First floor of Weyandt Hall
The College of Natural Sciences and Mathematics is sponsoring a program on April 3 from 3:30 to 6:30 p.m. as part of the
Research Appreciation Week highlighting scholarly accomplishments of female undergraduate/graduate students and faculty.
3:30–4:30 p.m., Weyandt and Walsh halls
Local high school visitors will have the opportunity to review research projects going on in our laboratories. Visitors are also encouraged to stay for the poster session and awards ceremony.
High school students interested in attending should complete the
RSVP by March 27.
For more information on the event, see our
4:30–5:30 p.m., Weyandt Hall, first floor
The session will highlight female undergraduate/graduate student and faculty research projects. Posters that have been presented in other contexts are welcomed, including the Undergraduate and Graduate Scholars Forum or from other professional meetings.
If you are interested in displaying your poster, please complete and return the
submission form to the CNSM Dean's Office at
by Monday, March 20, 2017.
Awards will be given for outstanding undergraduate and graduate student posters.
March 20, 2017
Students needing to have their poster printed can do so through the Research Institute (RI). Please follow the
poster printing guidelines for correct printing format and deadline to submit to the RI. Students wishing to display their project on a trifold display board can pick one up in the CNSM Dean’s Office.
5:30 p.m., Weyandt Hall, Room 107
A panel of speakers will discuss issues related to success of women in STEM, followed by an awards ceremony. High school program participants will also be recognized.
Sally Amero serves as the NIH Review policy officer and as
the Extramural Research Integrity liaison officer in the NIH Office of
Extramural Research. She is the principal advisor to the deputy director
for Extramural Research on peer review policy and oversees its development and
implementation across the agency. She also handles breaches in the
confidentiality and integrity of the peer review process, as well as
allegations of research misconduct that involve NIH-supported research. She has published over 40 policy announcements since joining OER and
recently completed a certificate in public leadership from the Brookings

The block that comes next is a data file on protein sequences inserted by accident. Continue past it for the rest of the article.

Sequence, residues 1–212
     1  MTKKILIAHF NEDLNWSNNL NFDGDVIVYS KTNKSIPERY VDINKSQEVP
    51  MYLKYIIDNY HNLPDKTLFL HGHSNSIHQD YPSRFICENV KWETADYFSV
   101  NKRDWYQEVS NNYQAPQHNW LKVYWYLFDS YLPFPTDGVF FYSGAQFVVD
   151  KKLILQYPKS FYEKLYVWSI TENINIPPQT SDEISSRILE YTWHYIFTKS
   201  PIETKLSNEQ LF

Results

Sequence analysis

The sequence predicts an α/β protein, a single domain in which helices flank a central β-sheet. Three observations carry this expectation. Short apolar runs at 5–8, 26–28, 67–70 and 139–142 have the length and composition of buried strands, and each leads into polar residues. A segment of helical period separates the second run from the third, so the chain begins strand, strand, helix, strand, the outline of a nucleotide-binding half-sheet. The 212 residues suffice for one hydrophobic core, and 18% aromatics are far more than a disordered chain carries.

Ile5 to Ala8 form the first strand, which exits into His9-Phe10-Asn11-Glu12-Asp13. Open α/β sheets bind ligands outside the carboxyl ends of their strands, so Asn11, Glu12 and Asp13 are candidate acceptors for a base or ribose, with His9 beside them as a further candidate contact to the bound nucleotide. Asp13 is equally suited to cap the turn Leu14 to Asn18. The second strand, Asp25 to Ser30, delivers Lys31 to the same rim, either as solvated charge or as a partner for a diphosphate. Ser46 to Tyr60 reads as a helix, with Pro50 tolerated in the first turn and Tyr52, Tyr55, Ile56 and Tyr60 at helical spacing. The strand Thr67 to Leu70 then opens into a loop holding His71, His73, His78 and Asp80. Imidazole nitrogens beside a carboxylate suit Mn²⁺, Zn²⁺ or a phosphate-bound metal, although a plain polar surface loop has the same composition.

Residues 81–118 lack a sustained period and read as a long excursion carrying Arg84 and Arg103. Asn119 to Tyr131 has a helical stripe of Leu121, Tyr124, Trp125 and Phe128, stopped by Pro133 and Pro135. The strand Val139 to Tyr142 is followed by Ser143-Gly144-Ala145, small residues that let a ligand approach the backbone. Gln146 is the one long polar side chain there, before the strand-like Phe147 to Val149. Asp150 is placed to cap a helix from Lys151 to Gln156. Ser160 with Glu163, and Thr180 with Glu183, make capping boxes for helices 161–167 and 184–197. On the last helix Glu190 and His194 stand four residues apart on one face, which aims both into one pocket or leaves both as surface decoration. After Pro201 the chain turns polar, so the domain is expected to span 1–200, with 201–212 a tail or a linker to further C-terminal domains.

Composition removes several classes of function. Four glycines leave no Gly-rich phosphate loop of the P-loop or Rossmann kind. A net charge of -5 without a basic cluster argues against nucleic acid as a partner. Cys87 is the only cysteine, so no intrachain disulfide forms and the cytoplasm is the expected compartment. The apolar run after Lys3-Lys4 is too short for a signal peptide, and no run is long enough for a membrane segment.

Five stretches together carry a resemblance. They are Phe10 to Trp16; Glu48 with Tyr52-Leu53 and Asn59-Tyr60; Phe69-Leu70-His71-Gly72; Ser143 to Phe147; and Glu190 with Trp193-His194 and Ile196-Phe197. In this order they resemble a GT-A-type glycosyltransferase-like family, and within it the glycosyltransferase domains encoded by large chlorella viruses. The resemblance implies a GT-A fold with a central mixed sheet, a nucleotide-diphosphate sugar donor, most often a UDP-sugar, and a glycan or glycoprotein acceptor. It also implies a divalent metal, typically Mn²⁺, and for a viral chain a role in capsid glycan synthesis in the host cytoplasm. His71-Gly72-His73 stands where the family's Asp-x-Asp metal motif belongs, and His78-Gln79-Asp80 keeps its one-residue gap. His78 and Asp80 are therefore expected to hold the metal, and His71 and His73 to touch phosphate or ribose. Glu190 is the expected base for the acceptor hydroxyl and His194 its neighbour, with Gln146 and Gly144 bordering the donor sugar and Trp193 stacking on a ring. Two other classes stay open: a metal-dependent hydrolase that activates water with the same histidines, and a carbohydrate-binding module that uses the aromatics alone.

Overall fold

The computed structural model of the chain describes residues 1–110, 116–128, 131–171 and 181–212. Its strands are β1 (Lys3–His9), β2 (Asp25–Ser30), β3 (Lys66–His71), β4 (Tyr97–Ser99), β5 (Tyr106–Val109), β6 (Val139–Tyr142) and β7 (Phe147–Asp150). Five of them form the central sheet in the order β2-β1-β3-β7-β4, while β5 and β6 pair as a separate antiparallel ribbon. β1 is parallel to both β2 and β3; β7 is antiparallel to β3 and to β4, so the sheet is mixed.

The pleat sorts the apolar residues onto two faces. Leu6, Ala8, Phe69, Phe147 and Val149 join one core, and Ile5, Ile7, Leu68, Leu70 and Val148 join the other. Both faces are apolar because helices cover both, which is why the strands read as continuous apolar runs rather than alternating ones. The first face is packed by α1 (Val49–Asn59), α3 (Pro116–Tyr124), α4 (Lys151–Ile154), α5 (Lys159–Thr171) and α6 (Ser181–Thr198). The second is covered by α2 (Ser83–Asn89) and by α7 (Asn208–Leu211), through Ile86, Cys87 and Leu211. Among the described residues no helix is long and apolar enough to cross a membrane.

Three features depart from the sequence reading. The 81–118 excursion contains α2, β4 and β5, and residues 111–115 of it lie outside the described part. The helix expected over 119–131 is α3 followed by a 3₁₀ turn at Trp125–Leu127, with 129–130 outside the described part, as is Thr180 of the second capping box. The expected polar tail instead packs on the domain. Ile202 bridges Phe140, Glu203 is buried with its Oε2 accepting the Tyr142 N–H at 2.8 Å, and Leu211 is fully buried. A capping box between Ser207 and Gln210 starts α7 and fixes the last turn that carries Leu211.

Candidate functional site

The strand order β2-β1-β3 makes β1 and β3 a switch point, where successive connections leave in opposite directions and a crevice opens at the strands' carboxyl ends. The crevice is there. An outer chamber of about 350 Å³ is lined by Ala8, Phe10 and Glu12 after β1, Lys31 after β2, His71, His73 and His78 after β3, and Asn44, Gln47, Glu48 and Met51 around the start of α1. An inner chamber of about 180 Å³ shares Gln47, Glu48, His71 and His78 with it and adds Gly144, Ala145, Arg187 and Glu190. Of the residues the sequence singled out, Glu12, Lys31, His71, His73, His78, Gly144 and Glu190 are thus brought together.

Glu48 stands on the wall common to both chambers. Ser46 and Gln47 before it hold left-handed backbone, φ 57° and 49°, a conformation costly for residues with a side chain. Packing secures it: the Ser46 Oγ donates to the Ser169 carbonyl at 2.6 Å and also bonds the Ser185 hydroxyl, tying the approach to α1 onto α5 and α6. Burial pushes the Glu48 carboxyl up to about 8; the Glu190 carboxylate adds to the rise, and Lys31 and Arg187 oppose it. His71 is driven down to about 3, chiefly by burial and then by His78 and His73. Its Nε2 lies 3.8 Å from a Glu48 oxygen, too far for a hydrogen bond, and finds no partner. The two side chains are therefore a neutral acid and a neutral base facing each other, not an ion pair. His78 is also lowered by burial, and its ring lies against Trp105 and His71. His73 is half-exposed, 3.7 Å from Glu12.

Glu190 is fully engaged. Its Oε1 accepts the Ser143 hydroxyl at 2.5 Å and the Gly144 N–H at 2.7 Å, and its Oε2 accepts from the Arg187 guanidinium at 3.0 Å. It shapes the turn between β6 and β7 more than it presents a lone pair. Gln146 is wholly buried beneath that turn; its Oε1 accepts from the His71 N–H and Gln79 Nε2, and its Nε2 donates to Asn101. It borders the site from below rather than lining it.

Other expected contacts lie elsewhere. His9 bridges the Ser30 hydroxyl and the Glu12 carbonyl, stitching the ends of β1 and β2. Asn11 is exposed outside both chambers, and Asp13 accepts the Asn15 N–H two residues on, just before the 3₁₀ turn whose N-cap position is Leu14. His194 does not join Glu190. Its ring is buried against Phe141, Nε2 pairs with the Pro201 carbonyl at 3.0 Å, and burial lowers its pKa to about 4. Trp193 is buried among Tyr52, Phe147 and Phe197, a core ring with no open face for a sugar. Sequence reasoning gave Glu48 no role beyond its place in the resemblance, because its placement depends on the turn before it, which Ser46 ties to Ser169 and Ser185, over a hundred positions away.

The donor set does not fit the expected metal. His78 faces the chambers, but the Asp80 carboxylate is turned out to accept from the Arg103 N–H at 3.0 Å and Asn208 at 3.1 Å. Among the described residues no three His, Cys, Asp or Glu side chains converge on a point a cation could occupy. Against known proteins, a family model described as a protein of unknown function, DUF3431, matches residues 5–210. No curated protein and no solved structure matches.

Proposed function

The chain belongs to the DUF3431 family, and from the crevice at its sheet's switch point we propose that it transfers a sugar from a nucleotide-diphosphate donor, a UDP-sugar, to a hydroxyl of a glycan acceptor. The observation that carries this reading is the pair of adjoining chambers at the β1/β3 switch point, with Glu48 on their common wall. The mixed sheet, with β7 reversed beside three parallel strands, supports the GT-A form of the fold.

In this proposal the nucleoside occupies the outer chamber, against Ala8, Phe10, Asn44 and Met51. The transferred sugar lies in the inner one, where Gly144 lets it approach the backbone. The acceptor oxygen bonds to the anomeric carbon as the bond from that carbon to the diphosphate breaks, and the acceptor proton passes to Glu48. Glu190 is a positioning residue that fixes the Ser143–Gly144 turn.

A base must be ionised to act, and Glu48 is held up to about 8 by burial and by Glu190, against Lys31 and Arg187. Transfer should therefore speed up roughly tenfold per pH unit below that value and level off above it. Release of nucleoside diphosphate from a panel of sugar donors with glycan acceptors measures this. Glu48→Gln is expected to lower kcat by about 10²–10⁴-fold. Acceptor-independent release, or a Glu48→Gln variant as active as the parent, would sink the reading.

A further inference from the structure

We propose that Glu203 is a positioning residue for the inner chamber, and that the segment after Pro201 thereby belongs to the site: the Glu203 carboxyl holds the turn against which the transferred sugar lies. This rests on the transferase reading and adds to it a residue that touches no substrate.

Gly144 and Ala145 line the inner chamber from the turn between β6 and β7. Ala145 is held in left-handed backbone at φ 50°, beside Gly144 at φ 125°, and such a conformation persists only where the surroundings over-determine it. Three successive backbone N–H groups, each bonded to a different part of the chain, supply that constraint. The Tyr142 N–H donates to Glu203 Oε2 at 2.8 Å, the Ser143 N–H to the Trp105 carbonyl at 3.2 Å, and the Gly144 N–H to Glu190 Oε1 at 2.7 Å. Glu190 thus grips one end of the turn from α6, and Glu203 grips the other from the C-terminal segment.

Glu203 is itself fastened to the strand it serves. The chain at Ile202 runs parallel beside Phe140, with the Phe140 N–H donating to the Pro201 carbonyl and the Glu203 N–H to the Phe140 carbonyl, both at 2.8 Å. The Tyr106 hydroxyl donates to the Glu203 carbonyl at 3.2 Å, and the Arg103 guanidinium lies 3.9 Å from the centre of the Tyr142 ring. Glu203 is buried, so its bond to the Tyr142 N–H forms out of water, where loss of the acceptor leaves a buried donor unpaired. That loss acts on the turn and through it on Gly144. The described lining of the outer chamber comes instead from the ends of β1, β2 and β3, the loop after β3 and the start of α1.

Institution. Previously, she served as a
referral officer and the scientific review administrator for the genome study
section in the Center for Scientific Review during the final years of the
Human Genome Project. She then served as
the inaugural chief of the Bioengineering Sciences and Technology Integrated
Review Group in CSR and managed the peer review of the first two NIH director’s
Roadmap initiatives. Before joining the NIH, Amero was an assistant
professor at Loyola University Medical Center, where her research focused on
chromosome structure and RNA processing. Amero earned her PhD in
Developmental Biology and Biochemical Genetics from West Virginia University
and completed her postdoctoral training at the University of Virginia and
Olejniczak is a project manager at Noveome Biotherapeutics, Inc. (formerly
Stemnion, Inc.) and has held this position since January 2015. Noveome is
a privately held, clinical stage biotechnology start-up company that is developing
therapeutic treatments for multiple disease areas using a novel cell secretome produced
from the placenta. During her 11 years with Noveome Biotherapeutics, Olejniczak has
held multiple laboratory- and business-related positions. Prior to joining
Noveome, she worked in business development and marketing with Tissue
Informatics, a Pittsburgh-based start-up company focused on using
high-throughput imaging for automated pathology analysis. She began her
professional career as an academic research technician at the University of
Pittsburgh. Olejniczak is a 1991 graduate of
IUP, and, after receiving her BS in Biology, she went on to earn a graduate
degree in microbiology at the University of Maine and an MBA from the Joseph
M. Katz Graduate School of Business, University of Pittsburgh. Most
recently, she completed a certificate program in Biotechnology Project
Mary Sewatsky received a BS degree in biology and a minor in chemistry from IUP and a medical degree from Temple University School of Medicine. She returned to the area to participate in the newly formed Scranton/Temple Internal Medicine Residency Program and served as chief resident in her last year of training. She was appointed director of Emergency Medicine at Moses Taylor Hospital, where she served in that capacity from 1986 to 2011. She is currently employed at Moses Taylor Hospital and serves as the hospital’s chief medical officer and patient safety officer. Sewatsky is board certified in internal medicine.
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